Your Most Trusted and Valued Financial Advisors

Cash Flow Tune-Up: More Important Than Ever!

March 23, 2022

For years Amazon lost money on their financial statements, but Amazon appeared to be unfazed by the negative financial press. Why? Their laser beam focus was on cash flow! Here are ideas to help define your business’s success using cash flow techniques.

Develop a culture of improving your cash position. Get in the habit of monitoring your bank account activity daily to watch for mistakes or unforeseen charges. Then look at each business process that involves cash — pay special attention to purchasing, inventory, collections and payroll. Consider extending terms for paying vendors, establishing shorter terms for customers to pay and implementing a review process to double check payroll calculations. Also assign someone to constantly monitor opportunities to turn your inventory back into cash more quickly.

Create a cash flow forecast. With your knowledge of cash, create a forward-looking statement of monthly cash flow. The most common practice is a rolling 12-month forecast. This projects cash out twelve months. Then each new month, drop the most current month and add another month one year out. It will reflect the ebbs and flow of cash throughout the year and identify times of cash crunch. You can then see the impact of changes you are making on your company’s cash position.

Create and monitor relevant ratios. There are many helpful cash flow ratios. Identify ratios that are especially helpful to your business. Have debt? Consider the cash flow coverage ratio (operating cash flow ÷ by debt) to help plan for scheduled debt payments. Are you making a lot of capital purchases? Use the free cash flow calculation (operating cash flow – capital expenditures) to determine how much cash will be left over after purchasing your assets.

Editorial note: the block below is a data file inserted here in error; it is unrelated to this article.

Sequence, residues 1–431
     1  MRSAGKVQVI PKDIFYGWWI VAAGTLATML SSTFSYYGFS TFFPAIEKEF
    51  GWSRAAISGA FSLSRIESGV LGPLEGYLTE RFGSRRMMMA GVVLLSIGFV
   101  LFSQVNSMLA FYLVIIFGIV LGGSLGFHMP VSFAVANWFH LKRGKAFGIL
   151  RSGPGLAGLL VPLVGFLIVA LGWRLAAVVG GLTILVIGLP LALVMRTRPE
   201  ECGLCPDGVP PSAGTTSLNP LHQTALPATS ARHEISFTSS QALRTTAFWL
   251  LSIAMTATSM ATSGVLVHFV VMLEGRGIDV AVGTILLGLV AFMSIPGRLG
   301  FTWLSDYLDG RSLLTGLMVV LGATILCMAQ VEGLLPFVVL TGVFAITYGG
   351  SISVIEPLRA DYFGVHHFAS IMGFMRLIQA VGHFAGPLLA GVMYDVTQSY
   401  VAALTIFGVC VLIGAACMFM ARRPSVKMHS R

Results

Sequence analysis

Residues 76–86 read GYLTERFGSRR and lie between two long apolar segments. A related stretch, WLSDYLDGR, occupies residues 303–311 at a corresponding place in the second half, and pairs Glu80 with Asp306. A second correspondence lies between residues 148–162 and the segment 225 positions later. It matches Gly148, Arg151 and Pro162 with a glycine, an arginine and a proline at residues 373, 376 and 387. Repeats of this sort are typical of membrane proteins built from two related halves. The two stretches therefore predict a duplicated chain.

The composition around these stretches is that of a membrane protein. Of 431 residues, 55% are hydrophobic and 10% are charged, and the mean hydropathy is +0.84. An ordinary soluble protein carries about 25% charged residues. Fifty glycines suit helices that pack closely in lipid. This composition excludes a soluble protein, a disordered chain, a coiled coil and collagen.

Build-in some contingencies. Most businesses experience seasonality. Understanding your business cycles can help you strategically manage cash in high cash months to cover shortfalls that come in low cash months. Set up a line of credit so it’s available in the case of an emergency, or as a bridge during short-term liquidity needs. A line of credit only charges interest only when used, so it’s a perfect tool to have at your disposal. The best time to establish a credit line is when you are flush with cash, so use your forecast to determine the best month to ask your bank for this line of credit.

Put monitoring in place. Assign someone to monitor cash flow, then assign someone else the duty to review their findings. Key areas of focus are:

  • Large cash expenditures. They can be hidden on your income statement or balance sheet. A few examples are payments on capital purchases, debt obligations, dividends, guaranteed payments to partners and taxes.
  • Taxes. When not accounted for correctly, income taxes can cause a twofold problem — a large lump sum that is due in a short amount of time, plus a larger obligation to account for going forward. Don’t wait until the end of the year to project your tax provision.
  • Cash accounts. Assign yourself or someone you trust to review cash accounts and remember to properly separate duties to provide proper controls.
Follow us on Facebook Follow us on LinkedIn Follow us on Twitter